This morning, Hayden called to ask me to pick him up after school. It was unusual for him to call like that, so despite not being completely over with the side-effects of the infusion, I drove into the Golden Hills. I met HRM and Caleb at the skatepark. They were planning to go to the Wednesday church youth get together. He said that his mom appears to have relaxed her opposition to him attending. She had wanted him to become a Buddhist and not a Christian. He felt Buddhism was a way of life and not a religion. “Besides,” he said, “it’s boring for teenagers.” She seemed to concede by responding “Whatever makes you happy.” So I dropped them off at Caleb’s home where they would spend the afternoon until it was time to go to the teenage get-together. I left them with my advice that they should be kind to all as much as they can but to be fair to everyone and drove back to the Enchanted Forest where I was met by a happily yapping little dog and a hug from Naida.

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Yesterday, I drove to and returned safely from the mall. Just before braving the “real” Thai streets, I practiced driving around the subdivision in order to get my turns straight and condition myself for driving on the right side of the street that here is the left. That’s another problem. Not only do I have to remember the rules of the road but I have a semantic problem as well, so I do not know what I am talking about. Did you know the test for a driver’s license in Thailand, in most jurisdictions, consists solely of a depth perception test?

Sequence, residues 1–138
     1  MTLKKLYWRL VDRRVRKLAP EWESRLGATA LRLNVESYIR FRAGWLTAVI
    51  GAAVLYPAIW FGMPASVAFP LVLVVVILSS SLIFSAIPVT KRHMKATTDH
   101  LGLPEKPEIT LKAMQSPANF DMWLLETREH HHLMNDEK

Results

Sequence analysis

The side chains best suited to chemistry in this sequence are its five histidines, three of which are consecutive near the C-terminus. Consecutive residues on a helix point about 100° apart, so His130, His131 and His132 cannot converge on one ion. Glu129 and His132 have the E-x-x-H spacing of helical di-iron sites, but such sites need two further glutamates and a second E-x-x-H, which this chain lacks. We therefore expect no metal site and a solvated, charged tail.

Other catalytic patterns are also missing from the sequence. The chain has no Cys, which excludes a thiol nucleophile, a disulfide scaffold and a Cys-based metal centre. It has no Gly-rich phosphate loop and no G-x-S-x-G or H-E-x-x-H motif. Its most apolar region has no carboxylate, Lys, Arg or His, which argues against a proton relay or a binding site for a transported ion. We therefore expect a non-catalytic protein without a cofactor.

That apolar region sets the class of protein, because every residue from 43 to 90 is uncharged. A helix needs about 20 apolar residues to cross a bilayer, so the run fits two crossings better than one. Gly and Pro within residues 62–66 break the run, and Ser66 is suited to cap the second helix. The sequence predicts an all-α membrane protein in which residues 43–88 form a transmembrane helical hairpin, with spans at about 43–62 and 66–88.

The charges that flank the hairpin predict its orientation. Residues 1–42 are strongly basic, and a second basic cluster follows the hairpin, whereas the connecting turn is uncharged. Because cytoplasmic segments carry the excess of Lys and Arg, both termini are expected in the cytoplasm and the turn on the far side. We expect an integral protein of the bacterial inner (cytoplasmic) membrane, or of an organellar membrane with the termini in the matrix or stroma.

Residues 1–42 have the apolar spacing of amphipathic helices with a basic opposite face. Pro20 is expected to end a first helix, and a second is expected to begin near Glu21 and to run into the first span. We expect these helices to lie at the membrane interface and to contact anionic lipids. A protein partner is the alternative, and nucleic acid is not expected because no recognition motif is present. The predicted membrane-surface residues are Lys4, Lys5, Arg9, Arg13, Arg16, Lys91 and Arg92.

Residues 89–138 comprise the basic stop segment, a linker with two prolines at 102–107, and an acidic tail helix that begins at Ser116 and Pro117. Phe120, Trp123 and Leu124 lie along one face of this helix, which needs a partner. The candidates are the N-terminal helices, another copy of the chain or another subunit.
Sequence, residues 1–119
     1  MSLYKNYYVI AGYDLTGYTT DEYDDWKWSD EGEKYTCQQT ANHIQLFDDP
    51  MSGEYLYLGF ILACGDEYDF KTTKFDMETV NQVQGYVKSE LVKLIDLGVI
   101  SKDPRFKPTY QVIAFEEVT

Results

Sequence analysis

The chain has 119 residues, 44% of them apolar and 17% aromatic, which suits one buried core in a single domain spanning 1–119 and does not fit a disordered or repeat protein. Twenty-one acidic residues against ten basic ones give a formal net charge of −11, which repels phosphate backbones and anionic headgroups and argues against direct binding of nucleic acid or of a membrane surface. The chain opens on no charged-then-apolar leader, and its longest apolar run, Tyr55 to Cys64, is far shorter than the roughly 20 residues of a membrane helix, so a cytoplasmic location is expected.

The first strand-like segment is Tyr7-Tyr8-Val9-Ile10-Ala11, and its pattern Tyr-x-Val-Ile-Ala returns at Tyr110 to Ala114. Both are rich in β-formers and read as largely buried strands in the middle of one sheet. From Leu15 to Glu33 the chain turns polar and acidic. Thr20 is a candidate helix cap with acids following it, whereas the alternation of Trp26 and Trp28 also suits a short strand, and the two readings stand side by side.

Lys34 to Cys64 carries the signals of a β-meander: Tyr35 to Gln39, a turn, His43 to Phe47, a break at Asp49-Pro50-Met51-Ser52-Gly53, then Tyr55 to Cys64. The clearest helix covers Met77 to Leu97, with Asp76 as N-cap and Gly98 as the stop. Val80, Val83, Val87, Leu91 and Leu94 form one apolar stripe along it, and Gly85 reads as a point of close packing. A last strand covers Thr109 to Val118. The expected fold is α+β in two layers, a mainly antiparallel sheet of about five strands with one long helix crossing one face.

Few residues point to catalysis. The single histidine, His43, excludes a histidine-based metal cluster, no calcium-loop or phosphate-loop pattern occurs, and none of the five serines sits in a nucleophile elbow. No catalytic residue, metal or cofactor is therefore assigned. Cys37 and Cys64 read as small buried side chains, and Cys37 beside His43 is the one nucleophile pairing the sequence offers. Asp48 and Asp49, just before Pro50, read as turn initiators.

I learned yesterday that they (whoever “they” are) have prohibited the construction of new commercial structures in the subdivision. Turning part of your home into a shop or restaurant is apparently excepted.

The fundamentalist Christian missionaries, that I mentioned in a previous post, who were sent here to convert the little brown Buddhists to the pleasures of hellfire and brimstone, are being criticized for acting as though they are exempt from Thai law and treating the locals like they do not exist. The huge Christian high school, filled with tall blond blue-eyed teenagers and containing endless sports fields, has been willy-nilly throwing up three and four-story classroom and “dormitory” buildings in the subdivision. It also forces native Thais and not people of European descent to pay a fee if they want to attend their charity garage sales. In addition, the school charges the residents a fee for using the subdivision’s own health club because it is located on the School’s leased land. What this demonstrates to me is that the politics of HOA’s are the same everywhere.

On Friday I get to leave this island of western pretensions and travel to Mae Rim and see the elephants, tigers, monkeys, snakes and whatever.

Joe…

Today’s photo: the view from the covered patio towards the “Sala”. During the day when I am not napping, I can usually be found in either the patio or Sala.

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Last night we had an East Coast style thunder-storm, full of lightning and end of the world cracks of thunder. The lights went out and we rushed around the house closing all the windows. What fun. Then, as quickly as it began, it ended except for some deep rumblings in the mountains that reminded me of Rip Van Winkle and his little men bowling nine pins and drinking beer in the Catskills. I suppose a more Thai related analogy would be appropriate. Like, the screams of the King of the Naga as it rises from the depths of the Mekong, all nine heads of it, to do battle with Rama or the Monkey King (I forget which). I prefer old Rip’s tale. By the way, did you know that the giant catfish of the Mekong can weigh up to a ton?